Law, Reason, and Morality in Medieval Jewish Philosophy
Saadia Gaon, Bahya ibn Pakuda, and Moses Maimonides
By Jonathan Jacobs
Oxford University Press, 2010, 232 pages
Reviewed by Israel Drazin - December 6, 2010
Jonathan Jacobs, head professor of philosophy at Colgate University, examines the philosophies of three medieval Jewish thinkers: Saadia Gaon, Bahya ibn Pakuda, and Moses Maimonides. He focuses on morality. However, he also discusses the teachings of these scholars on revelation and other subjects. He compares the three to other philosophers and concludes that although the three emphasized that people should use their intellect, they were convinced that morality is not the result of rational thinking, but a divine mandate revealed by God to the Israelites through Moses and the prophets.
Jacobs writes that the three felt that: "Life lived in accord with tradition, shaped by the covenant (revelation), is needed in order for the rationality of much of the covenant to become evident to people" (page 219). Revelation supplements what people are unable to understand. "A crucial difference between Jewish thought and the practical wisdom approach is that in the former all of our ethical knowledge is ‘from' the law" (page 111).
Jacobs's conception of the three thinkers is interesting and is the general understanding of their teachings. But there is another approach to the three philosophers that reaches a different conclusion. This seems clear in the writings of Maimonides (1138-1204) who arguably demeaned the importance of morality and may have questioned whether revelation actually occurred in his Guide of the Perplexed.
What are morals? Jacobs cites the working definition of Henry Veatch on pages 175 and 176: "the laws of ethics and morals might be understood as laws that govern the art of living or living well. They teach us how to be human." Maimonides seems to disagree; the best life is not based on morality. He stresses that people must develop and use their intellect throughout his Guide. In 1:2, he interprets the story of the Garden of Eden as a parable, that "When Adam was yet in a state of innocence (before he ate from the forbidden fruit), and was guided solely by reflection and reason…he was not at all able to follow or to understand the principles of apparent truths (such as nudity being morally wrong. However after he ate the fruit, he suffered) the loss of part of that intellectual faculty which he had previously possessed." Before eating the fruit, he knew reality, "what is true and what is false." After eating the fruit, he only knew "apparent" or "necessary truths," moral truths, ideas that are "necessary" for the general population to exist. (Maimonides borrowed the terms "apparent" and "necessary truths" from the Greek and Muslim philosophers.) In short, Maimonides saw the Torah parable teaching that an intelligent person should live a life based on reality, on what is true and false, while the average person who lacks the ability to do so should live according to "necessary truths," morality. Thus Maimonides does not teach the importance of morality, just the opposite. Morality is only "necessary truths." Yes, he repeatedly stressed good behavior, but good behavior is behavior that is rational, such as the Aristotelian "middle path," the rational need to avoid extremes, or the "the way of the pious," the carefully considered rational behavior beyond the middle path, when reason dictates such behavior.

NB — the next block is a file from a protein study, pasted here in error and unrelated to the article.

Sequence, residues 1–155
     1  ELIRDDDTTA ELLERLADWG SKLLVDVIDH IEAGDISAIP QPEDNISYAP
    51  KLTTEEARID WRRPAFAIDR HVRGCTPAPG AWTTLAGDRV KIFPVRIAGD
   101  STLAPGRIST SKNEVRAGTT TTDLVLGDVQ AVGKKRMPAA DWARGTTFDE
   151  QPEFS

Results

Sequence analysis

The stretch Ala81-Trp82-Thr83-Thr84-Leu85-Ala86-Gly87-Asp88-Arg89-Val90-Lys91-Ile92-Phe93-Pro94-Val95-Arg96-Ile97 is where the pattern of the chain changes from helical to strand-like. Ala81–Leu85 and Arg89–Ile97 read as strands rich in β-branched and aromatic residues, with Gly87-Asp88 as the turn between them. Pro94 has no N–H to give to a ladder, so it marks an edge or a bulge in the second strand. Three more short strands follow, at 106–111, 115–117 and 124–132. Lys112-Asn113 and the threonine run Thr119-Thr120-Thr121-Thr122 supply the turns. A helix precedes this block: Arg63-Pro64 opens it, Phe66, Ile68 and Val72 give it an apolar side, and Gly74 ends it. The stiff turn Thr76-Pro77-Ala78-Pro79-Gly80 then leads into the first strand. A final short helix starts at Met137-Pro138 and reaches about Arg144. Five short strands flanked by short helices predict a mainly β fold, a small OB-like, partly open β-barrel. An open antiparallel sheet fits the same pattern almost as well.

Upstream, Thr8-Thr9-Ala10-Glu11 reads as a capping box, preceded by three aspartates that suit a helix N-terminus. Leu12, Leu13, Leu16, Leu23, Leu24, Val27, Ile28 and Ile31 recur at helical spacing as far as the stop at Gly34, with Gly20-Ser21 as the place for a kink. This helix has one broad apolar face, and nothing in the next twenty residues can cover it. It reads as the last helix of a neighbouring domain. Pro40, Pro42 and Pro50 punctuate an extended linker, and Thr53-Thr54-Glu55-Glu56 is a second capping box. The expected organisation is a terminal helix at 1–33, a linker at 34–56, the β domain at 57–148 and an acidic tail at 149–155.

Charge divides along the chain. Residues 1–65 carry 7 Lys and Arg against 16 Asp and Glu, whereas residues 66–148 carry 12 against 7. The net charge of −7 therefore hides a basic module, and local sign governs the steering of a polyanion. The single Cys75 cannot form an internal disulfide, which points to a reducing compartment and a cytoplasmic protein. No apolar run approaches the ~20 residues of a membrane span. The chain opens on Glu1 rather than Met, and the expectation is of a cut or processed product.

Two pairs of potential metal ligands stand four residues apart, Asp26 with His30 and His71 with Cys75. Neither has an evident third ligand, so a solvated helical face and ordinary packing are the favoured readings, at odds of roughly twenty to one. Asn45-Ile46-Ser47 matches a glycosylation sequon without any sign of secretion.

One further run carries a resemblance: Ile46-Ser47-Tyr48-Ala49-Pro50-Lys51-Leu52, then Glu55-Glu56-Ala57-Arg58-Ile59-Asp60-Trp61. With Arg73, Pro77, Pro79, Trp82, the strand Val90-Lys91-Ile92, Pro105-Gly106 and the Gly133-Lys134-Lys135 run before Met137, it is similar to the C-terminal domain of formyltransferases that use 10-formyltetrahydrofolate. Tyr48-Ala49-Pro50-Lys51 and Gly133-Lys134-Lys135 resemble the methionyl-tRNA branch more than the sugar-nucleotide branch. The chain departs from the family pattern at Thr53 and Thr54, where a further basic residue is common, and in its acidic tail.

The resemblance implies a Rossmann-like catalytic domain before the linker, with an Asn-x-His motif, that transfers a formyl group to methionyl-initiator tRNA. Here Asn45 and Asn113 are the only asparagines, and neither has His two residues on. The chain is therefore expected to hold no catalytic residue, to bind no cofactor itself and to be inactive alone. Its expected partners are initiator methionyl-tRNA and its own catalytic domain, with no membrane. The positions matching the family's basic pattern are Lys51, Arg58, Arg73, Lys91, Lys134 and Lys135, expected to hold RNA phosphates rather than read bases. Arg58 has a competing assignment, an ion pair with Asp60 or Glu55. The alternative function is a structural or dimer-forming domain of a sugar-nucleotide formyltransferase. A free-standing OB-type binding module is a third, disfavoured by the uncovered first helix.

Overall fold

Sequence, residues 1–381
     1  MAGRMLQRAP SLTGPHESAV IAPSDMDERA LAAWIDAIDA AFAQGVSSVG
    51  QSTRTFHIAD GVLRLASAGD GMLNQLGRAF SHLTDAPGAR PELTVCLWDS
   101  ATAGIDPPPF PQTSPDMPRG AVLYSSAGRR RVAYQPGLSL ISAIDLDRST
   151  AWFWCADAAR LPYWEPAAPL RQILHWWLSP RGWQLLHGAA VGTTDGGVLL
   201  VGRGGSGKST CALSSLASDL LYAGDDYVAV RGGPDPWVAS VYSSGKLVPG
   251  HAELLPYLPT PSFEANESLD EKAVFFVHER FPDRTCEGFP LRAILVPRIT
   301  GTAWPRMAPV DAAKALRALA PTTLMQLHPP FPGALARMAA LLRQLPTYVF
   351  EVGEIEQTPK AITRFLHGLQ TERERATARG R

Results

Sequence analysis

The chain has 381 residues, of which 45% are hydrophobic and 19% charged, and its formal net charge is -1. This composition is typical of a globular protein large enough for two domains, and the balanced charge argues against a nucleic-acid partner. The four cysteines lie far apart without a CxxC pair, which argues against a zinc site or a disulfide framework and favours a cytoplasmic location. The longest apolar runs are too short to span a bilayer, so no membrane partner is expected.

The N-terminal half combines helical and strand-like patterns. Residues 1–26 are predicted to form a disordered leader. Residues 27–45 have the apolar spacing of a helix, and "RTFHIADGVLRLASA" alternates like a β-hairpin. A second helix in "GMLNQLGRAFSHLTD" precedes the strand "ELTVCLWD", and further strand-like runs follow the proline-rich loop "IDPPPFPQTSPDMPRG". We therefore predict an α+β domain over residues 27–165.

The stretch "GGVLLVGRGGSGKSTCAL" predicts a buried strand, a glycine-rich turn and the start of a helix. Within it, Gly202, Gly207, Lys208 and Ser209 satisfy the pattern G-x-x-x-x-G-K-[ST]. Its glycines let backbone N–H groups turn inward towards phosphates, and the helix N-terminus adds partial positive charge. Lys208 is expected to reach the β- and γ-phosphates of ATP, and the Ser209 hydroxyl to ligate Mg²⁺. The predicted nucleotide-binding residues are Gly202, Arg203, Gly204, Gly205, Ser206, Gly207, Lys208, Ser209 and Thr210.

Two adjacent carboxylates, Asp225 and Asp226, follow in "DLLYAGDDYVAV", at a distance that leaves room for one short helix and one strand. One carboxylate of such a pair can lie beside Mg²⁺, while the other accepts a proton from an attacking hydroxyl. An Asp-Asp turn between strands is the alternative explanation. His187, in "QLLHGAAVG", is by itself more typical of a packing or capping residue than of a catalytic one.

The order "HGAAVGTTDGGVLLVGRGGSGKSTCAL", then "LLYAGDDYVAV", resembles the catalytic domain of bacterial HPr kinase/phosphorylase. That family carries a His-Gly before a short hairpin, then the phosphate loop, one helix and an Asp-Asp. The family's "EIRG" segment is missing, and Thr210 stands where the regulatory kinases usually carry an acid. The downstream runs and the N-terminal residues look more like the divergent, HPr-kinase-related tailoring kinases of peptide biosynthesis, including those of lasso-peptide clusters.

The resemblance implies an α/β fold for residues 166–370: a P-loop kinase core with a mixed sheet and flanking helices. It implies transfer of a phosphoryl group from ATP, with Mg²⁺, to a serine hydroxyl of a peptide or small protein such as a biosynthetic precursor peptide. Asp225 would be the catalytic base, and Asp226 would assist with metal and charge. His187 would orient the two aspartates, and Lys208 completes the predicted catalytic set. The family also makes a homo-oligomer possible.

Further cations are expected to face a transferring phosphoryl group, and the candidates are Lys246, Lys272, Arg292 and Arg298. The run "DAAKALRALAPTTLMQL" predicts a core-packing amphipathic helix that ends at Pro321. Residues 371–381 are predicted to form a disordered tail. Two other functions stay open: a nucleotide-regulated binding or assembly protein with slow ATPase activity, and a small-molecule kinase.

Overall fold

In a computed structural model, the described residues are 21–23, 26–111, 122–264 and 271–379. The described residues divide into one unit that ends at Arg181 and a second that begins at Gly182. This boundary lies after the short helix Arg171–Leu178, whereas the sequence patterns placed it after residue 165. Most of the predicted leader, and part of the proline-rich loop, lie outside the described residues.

Maimonides also did not consider prophecy a revelation from God, as Jacobs states. Repeatedly, in Guide 2:32-48, Maimonides writes that prophecy is a higher level of intelligence; the more intelligent person is passing on his or her understanding to other people. In fact, many scholars have recognized that according to Maimonides' definition of prophecy, even the pagan Greek philosopher Aristotle could be called a prophet. Significantly, while discussing the revelation of the Decalogue in 2:33, Maimonides dismisses the notion that the Israelites heard the first two Decalogue commands as a prophecy. He states that the Israelites "learnt the truth of the principles contained in these two commandments in the same manner as Moses, and not through Moses," by the use of reason (italics added). Thus, Maimonides seems to say that revelation, like prophecy generally, is a product of human intelligence. While one may argue that Maimonides stated that one of the thirteen basic doctrines of Judaism is divine revelation, scholars and rabbis such as Isaac Abrabanel recognized that Maimonides wrote the thirteen principles for the general population as "necessary truths."
Maimonides' position regarding prophecy is consistent with his overall vision of a transcendental God who created or formed the world and then allowed it to function according to the laws of nature. Thus, for example, he sees divine providence, not as God interrupting natural law to aid people in danger, as most people think. He states that divine providence means that intelligent people will use the intelligence that God/nature gave them when danger is imminent (Guide 3:17).
Additionally, Maimonides does not state anywhere that people could not know the Torah laws unless they were revealed by prophets. In fact, in Guide 3:25-53, he offers rational reasons for all of the commands.
Thus, while Jacobs may be correct, and most people would argue that he is, Maimonides' writings seem to stress the use of reason rather than morality, and that he did not believe that moral teachings were revealed to the Israelites by prophets. The prophets chastised the people for their failure to act properly, but they did not invent the rational idea of proper behavior.